An Economist for the Court?
Last week, Supreme Court Justice John Paul Stevens announced his retirement kicking off one of Washington's favorite pastimes -- speculating on potential Supreme Court nominees, their political leanings and whether or not the opposing party will turn the confirmation process into a bloodbath.
Tim Kane, senior fellow at the Kauffman Foundation, takes another angle on Growthology, posing the question, "Why isn't there an economist on the Supreme Court?"
Far and away, the most important economic decisions are the longest-term ones, the ones with the deepest roots that establish the most fundamental institutions. What exactly are property rights so constituted in our society? Who sets prices? What information can be private, or should be transparent? What obligations do employers have to their employees: free contract, minimum pay, basic safety, paternalism, or more? Is there a right to eat or a right to be fed?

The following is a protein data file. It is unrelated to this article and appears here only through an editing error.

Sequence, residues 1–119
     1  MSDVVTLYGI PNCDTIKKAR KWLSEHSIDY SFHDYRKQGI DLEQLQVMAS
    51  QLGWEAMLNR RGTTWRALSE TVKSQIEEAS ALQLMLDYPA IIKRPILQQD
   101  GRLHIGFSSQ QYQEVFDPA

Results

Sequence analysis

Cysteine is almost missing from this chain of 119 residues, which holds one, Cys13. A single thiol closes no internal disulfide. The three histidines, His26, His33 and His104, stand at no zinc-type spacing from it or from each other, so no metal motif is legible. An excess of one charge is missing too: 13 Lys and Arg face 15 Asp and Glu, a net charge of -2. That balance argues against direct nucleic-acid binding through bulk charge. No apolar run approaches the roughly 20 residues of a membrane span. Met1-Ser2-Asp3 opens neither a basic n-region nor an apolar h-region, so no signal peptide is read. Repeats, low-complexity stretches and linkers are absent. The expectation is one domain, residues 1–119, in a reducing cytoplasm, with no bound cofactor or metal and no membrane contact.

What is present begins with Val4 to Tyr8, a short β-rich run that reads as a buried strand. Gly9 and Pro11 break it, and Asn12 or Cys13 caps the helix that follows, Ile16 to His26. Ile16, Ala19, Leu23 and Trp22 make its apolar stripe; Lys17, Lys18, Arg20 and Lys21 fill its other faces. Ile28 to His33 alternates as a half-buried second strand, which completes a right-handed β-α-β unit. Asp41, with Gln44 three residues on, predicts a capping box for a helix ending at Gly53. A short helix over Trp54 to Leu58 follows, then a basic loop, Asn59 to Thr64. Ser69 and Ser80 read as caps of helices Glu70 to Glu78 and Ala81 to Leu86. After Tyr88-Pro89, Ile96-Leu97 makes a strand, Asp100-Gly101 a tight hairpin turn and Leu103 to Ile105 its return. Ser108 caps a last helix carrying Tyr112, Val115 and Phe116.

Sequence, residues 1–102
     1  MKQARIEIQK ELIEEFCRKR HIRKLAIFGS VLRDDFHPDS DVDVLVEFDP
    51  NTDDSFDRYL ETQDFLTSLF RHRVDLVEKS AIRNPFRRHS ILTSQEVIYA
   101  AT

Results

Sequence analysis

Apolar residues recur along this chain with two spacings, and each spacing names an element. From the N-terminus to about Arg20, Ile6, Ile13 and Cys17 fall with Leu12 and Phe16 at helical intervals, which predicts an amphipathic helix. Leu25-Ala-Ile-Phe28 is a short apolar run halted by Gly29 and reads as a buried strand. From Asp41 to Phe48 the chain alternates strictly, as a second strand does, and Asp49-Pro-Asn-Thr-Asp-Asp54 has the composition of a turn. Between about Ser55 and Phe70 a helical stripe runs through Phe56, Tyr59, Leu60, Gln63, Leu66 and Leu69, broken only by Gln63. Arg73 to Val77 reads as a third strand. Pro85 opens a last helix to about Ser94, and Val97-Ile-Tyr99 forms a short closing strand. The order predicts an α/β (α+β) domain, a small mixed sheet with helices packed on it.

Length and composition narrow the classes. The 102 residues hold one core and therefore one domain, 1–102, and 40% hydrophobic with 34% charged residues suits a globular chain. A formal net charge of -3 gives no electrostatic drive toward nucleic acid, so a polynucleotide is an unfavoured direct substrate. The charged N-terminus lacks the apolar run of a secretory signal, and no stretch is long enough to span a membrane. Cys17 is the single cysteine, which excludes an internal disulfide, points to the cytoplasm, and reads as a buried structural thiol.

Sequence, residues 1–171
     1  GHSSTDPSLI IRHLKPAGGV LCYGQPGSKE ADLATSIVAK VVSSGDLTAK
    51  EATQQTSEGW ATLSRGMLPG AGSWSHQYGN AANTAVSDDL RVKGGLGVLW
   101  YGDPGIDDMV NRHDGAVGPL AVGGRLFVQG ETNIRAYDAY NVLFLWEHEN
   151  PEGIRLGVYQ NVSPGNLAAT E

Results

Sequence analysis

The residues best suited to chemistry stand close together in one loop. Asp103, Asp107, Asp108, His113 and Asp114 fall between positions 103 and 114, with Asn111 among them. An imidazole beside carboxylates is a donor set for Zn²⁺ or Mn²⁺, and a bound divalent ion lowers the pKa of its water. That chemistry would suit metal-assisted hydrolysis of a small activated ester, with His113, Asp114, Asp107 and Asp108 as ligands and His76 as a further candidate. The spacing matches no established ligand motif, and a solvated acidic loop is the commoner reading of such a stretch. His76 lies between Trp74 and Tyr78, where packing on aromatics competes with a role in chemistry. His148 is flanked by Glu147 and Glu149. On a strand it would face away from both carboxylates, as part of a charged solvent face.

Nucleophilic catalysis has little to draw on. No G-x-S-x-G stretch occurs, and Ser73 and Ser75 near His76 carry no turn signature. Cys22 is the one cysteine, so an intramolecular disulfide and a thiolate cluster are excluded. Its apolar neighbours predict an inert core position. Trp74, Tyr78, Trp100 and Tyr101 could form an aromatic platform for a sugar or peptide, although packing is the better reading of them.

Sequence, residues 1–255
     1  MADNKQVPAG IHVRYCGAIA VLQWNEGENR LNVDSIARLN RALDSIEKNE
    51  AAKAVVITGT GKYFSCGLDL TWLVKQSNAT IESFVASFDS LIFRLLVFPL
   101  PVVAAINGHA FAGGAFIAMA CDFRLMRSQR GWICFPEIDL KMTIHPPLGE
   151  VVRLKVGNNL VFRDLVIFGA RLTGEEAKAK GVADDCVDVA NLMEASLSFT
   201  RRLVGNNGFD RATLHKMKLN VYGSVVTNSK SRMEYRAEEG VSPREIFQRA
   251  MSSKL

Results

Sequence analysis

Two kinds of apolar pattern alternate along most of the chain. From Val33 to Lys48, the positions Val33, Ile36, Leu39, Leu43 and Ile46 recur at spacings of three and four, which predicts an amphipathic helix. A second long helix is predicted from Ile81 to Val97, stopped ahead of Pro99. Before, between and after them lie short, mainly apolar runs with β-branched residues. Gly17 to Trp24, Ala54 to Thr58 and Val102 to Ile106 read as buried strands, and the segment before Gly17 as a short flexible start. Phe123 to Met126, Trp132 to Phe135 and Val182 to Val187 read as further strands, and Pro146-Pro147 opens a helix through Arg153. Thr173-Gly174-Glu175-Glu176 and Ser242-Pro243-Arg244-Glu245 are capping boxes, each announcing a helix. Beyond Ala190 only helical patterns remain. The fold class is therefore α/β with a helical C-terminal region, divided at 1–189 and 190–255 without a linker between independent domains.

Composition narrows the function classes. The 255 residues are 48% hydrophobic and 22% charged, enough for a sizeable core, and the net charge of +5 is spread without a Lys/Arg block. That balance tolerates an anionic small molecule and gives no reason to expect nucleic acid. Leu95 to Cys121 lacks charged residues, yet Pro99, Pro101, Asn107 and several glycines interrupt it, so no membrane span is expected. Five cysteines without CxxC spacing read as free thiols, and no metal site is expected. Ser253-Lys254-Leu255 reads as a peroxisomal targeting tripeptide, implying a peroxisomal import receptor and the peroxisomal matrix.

He even goes so far as to hold up Kauffman's Bob Litan as a potential nominee with dual degrees -- a Ph.D. in economics from Yale as well as a law degree from Yale. Likely? Most definitely not, but it seems that Kane has hit on something as there is a growing commentary with viewpoints all over the issue.
See the original post for yourself and join the feisty dialogue.